Exhibitions

Legacies of the Zaria Rebels

The ArtoP visit to Lagos in November 2019 included attending a busy schedule of cultural events including LagosPhoto Festival, ArtXLagos and the Lagos ArtSummit. Alongside the contemporary art exhibited across the city; from Lagos Mainland to Lagos Island, Victoria Island and Lekki, one exhibition that couldn't be missed was the ArtHouse Contemporary 'Zaria Art Society: Celebration of Legacies'. The exhibition opened at the Kia Showroom on Victoria Island on the 27th October and ran till the 15th November and the Guardian Nigeria, noted that "One of the most iconic groups in Nigerian visual arts scene, the 'Zaria Rebels' are back on the exhibition circuit' (Guardian Nigeria, 27th Oct 2019).

The Zaria Art Society emerged at the time of Nigerian independence and were popularly called the ‘Zaria Rebels’ for their rejection of the precepts of the mainly British art educators at what is now Ahmadu Bello university at Zaria. These British art lecturers had advocated a British art curriculum looking to the art produced in New York or London. This art movement became known as Natural Synthesis in which modernist techniques of painting were embraced but directed attention to the multiplicity of local visual art traditions (and their art histories) within Nigeria, such as the historic Nok sculptures that had been found in northern Nigeria or the Uli painting/drawing of the Igbo-speaking area produced by women to beautify the female body and to decorate the walls of compounds (a subsequent art movement developed by Igbo speaking artists post the Biafran civil war known as the Uli movement which drew on the art forms and cultural traditions of south eastern Nigeria). Natural synthesis did not seek to reproduce the forms of local visual traditions but rather referenced them in creating new modernist yet specifically Nigerian motifs and iconographies. By so doing, they cut across the divisions of different localities or ethnicities to address a new public - that of the emergent Nigerian citizen in the newly independent nation state Nigeria.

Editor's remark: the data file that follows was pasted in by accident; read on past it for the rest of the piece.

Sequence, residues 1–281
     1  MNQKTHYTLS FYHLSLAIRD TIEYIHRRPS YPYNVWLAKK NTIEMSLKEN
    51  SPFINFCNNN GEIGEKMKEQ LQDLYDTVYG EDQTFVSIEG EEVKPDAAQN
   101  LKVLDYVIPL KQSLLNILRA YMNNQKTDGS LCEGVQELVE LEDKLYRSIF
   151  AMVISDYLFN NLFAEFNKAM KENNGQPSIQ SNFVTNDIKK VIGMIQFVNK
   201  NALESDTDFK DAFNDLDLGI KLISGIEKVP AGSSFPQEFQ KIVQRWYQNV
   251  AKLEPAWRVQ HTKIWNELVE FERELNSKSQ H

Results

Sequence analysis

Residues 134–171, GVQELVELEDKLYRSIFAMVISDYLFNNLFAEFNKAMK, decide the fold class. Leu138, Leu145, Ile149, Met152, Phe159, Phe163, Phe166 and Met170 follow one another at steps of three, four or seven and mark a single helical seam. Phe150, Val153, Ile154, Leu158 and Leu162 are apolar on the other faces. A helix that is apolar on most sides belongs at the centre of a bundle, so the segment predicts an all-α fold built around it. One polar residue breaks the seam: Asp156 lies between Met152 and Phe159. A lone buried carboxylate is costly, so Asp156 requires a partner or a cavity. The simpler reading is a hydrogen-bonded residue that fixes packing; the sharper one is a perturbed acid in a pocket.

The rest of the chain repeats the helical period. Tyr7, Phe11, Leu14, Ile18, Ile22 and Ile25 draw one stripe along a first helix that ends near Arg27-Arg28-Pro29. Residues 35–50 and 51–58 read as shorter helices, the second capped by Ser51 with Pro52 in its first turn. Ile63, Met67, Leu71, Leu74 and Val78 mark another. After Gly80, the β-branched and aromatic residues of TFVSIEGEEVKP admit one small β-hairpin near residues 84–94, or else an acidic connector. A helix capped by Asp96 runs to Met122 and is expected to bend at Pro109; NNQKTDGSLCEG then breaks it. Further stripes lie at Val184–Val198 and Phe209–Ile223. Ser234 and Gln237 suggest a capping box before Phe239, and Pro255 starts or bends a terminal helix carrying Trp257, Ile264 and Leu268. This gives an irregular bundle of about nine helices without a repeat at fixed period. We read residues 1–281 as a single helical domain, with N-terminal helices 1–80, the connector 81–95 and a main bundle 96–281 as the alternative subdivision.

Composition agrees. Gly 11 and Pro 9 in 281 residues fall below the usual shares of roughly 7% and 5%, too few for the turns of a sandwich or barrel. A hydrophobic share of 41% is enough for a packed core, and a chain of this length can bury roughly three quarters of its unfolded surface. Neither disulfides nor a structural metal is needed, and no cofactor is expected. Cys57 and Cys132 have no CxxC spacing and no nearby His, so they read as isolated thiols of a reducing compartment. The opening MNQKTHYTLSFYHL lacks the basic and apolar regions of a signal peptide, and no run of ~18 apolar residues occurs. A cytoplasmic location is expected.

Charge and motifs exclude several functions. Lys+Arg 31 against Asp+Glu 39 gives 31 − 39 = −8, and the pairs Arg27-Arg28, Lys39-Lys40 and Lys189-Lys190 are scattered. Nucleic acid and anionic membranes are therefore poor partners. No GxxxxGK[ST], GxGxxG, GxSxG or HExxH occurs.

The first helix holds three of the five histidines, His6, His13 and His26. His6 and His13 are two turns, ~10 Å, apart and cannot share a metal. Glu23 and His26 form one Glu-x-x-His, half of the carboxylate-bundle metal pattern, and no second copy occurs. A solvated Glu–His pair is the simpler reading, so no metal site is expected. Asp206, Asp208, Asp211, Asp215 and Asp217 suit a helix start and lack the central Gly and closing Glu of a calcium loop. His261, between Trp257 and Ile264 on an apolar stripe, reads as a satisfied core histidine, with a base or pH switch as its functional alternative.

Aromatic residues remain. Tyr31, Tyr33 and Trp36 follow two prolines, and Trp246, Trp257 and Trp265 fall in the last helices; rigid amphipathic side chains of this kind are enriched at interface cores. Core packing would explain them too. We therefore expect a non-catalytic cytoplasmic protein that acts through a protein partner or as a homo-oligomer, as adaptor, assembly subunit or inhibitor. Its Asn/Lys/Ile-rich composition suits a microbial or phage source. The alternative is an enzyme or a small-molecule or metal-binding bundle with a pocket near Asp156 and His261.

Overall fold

This exhibition was a unique opportunity to see a comprehensive range of artworks produced at that time by the founders of the Zaria Art Society, Demas Nwoko, Yusuf Grillo, Bruce Onobrakpeya, Uche Okeke and Oseloka Osadebe (who subsequently moved to the USA in 1964). The exhibition was carefully curated by Professor Jerry Buhari from the Ahmadu Bello University in Zaria, who also ably chaired the important panel discussion on the 2nd of November with some of the artists in attendance, namely Bruce Onobrakpeya, Yusuf Grillo and Demas Nwoko. During the panel discussion Professor Bruce Onobrakpeya contested their designation as Zaria rebels arguing that they were radical in their approach as opposed to their designation as so called “rebels”. He highlighted how all the members of the group were dedicated to developing their art, individually and collectively, within the university to the extent of working together on their art at every opportunity, whether during the evenings or lunch and other leisure breaks. Yusuf Grillo and Demas Nwoko also gave insights into their approaches at that time as well as reflecting on their common collective endeavour.

The artists decolonised Western-centric educational frameworks, responding creatively to contest the impositions of Western art histories, the hegemonic narratives of colonial history or responding to contemporary political events and experiences. Their work is key to understanding the narratives of contemporary Nigerian art as they forged a pioneer modernist Nigerian art movement that is now recognised around the world. The exhibition was unique in that it brought their work together as one exhibition. 

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